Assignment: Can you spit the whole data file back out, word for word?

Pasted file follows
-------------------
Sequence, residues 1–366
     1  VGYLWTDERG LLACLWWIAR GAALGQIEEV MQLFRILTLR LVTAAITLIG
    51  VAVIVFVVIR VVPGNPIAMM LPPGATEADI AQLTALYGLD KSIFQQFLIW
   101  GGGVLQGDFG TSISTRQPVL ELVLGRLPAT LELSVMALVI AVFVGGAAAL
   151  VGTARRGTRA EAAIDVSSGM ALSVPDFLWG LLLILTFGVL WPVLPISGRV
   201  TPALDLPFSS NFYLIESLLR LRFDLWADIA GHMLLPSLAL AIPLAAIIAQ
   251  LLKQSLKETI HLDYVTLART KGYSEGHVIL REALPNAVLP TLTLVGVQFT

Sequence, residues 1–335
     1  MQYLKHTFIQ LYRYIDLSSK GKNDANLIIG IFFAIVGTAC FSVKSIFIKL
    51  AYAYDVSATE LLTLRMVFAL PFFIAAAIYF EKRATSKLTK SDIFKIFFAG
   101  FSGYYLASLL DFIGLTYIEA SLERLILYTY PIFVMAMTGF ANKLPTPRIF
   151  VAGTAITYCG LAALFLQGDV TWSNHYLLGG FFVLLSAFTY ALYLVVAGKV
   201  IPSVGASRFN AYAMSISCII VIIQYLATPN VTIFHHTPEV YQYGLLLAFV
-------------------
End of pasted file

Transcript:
Sequence, residues 1–366
     1  VGYLWTDERG LLACLWWIAR GAALGQIEEV MQLFRILTLR LVTAAITLIG
    51  VAVIVFVVIR VVPGNPIAMM LPPGATEADI AQLTALYGLD KSIFQQFLIW
   101  GGGVLQGDFG TSISTRQPVL ELVLGRLPAT LELSVMALVI AVFVGGAAAL
   151  VGTARRGTRA EAAIDVSSGM ALSVPDFLWG LLLILTFGVL WPVLPISGRV
   201  TPALDLPFSS NFYLIESLLR LRFDLWADIA GHMLLPSLAL AIPLAAIIAQ
   251  LLKQSLKETI HLDYVTLART KGYSEGHVIL REALPNAVLP TLTLVGVQFT

Sequence, residues 1–335
     1  MQYLKHTFIQ LYRYIDLSSK GKNDANLIIG IFFAIVGTAC FSVKSIFIKL
    51  AYAYDVSATE LLTLRMVFAL PFFIAAAIYF EKRATSKLTK SDIFKIFFAG
   101  FSGYYLASLL DFIGLTYIEA SLERLILYTY PIFVMAMTGF ANKLPTPRIF
   151  VAGTAITYCG LAALFLQGDV TWSNHYLLGG FFVLLSAFTY ALYLVVAGKV
   201  IPSVGASRFN AYAMSISCII VIIQYLATPN VTIFHHTPEV YQYGLLLAFV